The Attorney General of the United States Is Disgracing Herself
In her response to what appears to be a deadly, ISIS-motivated domestic terror attack, Attorney General Loretta Lynch has offered an almost Onion-level self-parody of liberal pieties. Per Obama administration protocol, the attorney general was determined to never let a crisis go to waste.
There is now a “wonderful opportunity and wonderful moment to really make significant change,” Lynch declared the day after 14 innocent Americans were murdered and 23 injured at the hands of a Muslim couple who’d reportedly pledged allegiance to ISIS. And what is this change? New gun-control measures, of course, including stripping the constitutional rights (without due process) of Americans often arbitrarily placed on the vastly over-inclusive terror watch list. Lynch addressed the Muslim Advocate’s tenth-anniversary dinner and declared that she is concerned about an “incredibly disturbing rise of anti-Muslim rhetoric . . . that fear is my greatest fear.” Her greatest fear is — not terrorism — but a nonexistent Islamophobic backlash? ISIS has demonstrated that it can bring down passenger jets, strike the heart of a great Western capitol with urban assault teams, and inspire horrible carnage in California. We also know that ISIS has pledged to keep attacking the U.S. and possesses chemical weapons. Yet it’s politically incorrect speech that strikes fear into the heart of our attorney general. What about blurring the distinction between speech and violence? Lynch is so serious about stopping Islamophobia that she’s sending a clear message to those who engage in “anti-Muslim rhetoric” — the Department of Justice is watching you: When we talk about the First amendment we [must] make it clear that actions predicated on violent talk are not American. They are not who we are, they are not what we do, and they will be prosecuted. And yet, there is no legally meaningful category of “action[s] predicated on violent talk.” Lynch spoke against rhetoric that “edges towards violence,” but the law obviously prohibits violent actions — she’s speaking in terms alien to the First Amendment. True threats are unlawful, and true “incitement” isn’t protected by the Constitution, but these are extraordinarily narrow legal categories. Is it not enough to declare that the Department of Justice will enforce the law and uphold the Constitution?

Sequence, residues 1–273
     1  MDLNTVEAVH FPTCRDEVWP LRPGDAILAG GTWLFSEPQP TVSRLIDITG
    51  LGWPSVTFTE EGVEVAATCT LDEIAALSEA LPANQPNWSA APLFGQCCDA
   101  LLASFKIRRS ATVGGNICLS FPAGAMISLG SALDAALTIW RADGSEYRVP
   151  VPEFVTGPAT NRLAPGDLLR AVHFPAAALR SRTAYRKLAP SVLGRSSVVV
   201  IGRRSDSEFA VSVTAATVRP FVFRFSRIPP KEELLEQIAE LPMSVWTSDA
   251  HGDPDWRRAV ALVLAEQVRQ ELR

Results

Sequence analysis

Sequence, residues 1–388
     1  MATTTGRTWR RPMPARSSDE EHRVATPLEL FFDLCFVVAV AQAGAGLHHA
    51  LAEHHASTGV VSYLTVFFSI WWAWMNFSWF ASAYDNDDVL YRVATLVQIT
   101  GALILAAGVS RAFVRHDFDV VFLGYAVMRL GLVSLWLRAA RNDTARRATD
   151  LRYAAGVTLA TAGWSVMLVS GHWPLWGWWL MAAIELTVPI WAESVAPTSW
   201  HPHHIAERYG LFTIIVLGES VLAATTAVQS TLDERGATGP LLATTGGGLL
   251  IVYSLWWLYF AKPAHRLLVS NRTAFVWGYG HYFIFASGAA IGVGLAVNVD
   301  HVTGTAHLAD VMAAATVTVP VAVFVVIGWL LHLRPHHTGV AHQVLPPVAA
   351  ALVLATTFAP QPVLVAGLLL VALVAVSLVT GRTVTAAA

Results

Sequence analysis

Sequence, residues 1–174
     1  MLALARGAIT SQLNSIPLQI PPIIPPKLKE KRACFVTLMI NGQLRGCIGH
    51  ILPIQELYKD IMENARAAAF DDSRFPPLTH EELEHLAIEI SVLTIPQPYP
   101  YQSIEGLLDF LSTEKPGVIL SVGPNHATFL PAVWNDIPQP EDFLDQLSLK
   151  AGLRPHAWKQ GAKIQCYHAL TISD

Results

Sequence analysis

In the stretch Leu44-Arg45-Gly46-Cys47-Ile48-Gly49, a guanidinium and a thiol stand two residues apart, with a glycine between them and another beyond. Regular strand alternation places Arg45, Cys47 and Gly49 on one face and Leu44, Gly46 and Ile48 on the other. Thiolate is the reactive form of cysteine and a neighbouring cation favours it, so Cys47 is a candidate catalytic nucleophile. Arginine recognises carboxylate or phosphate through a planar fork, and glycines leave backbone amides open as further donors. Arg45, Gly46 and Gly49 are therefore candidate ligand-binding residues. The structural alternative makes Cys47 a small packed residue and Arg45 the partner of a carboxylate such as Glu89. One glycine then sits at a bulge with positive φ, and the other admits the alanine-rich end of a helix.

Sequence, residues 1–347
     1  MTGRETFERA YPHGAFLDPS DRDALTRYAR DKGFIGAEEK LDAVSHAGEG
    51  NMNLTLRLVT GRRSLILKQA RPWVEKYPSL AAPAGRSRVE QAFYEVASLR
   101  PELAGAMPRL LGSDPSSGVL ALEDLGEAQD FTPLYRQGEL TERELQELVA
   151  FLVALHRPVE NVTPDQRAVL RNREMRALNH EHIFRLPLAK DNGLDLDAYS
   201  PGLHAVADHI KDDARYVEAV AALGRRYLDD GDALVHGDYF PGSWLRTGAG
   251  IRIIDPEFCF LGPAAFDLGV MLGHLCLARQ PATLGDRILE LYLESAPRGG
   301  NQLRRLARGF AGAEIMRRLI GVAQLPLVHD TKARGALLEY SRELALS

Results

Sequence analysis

Read more at: http://www.nationalreview.com/article/428048/san-bernardino-shooting-loretta-lynch-muslim-backlash